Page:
Wednesday, December 11, 2013

Artistic Specialty

To some extent folks adopt their software development specialization depending upon their own skills and tastes: do they feel more comfortable with a broader and lighter background or do they prefer to be deeper and more focused? Managers may also have a strong influence over how employees develop their skills simply by the tone and expectations that they set.

Obviously software development requires some specialization, since the technological complexity and the rate of change in our profession precludes a sole person from spending the time required to be a technical expert at all the myriad skills that span the available range of tools. If you wish to employ an expert a direct corollary will be that you therefore choose a specialist. If you plant a honeysuckle tree, you are going to get hummingbirds: that's the sort of specialist this tree desires.

Selecting specialists for software development presents some challenging issues. Unlike hiring engineers to design cars -- where once the model rolls off the production line the engineers move along to their next project -- hiring engineers for a software project is likely hiring them for the entire life of the system.

In this instance the problem that a manager faces is that quality, job security, and concurrency are in opposition. Asking your staff to specialize may give them greater job security and improve the quality of your operations, but they will lose their awareness of how to incorporate and apply new tools and hence lose their personal marketability.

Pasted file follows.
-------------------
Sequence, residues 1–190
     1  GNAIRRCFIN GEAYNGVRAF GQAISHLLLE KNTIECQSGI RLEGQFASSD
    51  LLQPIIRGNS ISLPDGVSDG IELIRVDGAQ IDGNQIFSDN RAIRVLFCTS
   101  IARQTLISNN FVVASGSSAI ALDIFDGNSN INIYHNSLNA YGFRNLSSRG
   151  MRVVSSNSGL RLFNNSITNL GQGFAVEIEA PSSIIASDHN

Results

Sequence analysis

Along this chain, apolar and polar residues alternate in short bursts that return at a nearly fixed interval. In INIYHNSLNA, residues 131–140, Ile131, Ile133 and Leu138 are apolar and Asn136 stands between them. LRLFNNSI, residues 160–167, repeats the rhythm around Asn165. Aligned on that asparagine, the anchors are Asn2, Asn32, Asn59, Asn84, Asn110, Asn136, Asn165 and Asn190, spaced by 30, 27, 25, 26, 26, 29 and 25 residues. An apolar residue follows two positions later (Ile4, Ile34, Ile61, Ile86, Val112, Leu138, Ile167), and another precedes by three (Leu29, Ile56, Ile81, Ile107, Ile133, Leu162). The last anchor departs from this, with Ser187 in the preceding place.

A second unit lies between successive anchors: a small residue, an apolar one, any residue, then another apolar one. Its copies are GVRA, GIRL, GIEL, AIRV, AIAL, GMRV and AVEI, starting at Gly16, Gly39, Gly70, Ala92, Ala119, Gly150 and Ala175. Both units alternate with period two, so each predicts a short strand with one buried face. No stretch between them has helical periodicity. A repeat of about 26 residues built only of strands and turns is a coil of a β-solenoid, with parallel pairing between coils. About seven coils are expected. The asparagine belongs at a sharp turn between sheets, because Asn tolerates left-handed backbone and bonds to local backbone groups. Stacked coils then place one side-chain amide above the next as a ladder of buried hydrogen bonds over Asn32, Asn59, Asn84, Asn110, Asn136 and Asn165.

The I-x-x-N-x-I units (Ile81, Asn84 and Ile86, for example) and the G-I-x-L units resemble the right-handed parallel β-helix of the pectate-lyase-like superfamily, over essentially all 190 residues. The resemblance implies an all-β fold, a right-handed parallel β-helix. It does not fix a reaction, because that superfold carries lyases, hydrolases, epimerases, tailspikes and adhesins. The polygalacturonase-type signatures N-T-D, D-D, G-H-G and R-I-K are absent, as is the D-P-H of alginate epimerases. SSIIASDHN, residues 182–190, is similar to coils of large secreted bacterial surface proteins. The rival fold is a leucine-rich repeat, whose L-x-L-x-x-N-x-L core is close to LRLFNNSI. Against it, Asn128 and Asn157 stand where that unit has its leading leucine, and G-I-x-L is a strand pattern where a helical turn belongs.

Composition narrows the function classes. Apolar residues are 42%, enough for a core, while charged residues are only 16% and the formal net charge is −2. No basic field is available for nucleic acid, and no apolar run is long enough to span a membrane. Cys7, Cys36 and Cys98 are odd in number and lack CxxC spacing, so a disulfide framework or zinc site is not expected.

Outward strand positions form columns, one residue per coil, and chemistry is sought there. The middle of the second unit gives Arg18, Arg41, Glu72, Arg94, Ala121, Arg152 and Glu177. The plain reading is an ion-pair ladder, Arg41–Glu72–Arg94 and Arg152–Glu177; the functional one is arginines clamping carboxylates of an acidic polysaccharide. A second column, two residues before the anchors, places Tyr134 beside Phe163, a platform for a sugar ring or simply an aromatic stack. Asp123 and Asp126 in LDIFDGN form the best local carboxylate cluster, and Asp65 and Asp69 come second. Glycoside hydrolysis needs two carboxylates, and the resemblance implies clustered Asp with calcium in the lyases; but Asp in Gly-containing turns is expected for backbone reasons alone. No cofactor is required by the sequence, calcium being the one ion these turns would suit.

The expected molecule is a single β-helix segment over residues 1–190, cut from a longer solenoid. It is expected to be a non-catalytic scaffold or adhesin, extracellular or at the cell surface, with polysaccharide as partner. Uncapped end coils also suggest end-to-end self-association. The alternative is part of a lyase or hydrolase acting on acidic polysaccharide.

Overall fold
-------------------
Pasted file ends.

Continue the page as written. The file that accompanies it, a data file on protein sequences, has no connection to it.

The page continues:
If you hire a specialist to do the job then the result is going to be somewhat unmaintainable by anyone but that specialist. If you hire a generalist it will be far easier to maintain the resultant system, although the final product may well appear less slick and polished.

Ultimately then who you hire depends upon the "positioning" your company is trying to achieve. Are they looking for a short-lasting expensive best of breed solution? Or something long term, stable, and adequate? What sort of tree exactly are you planting?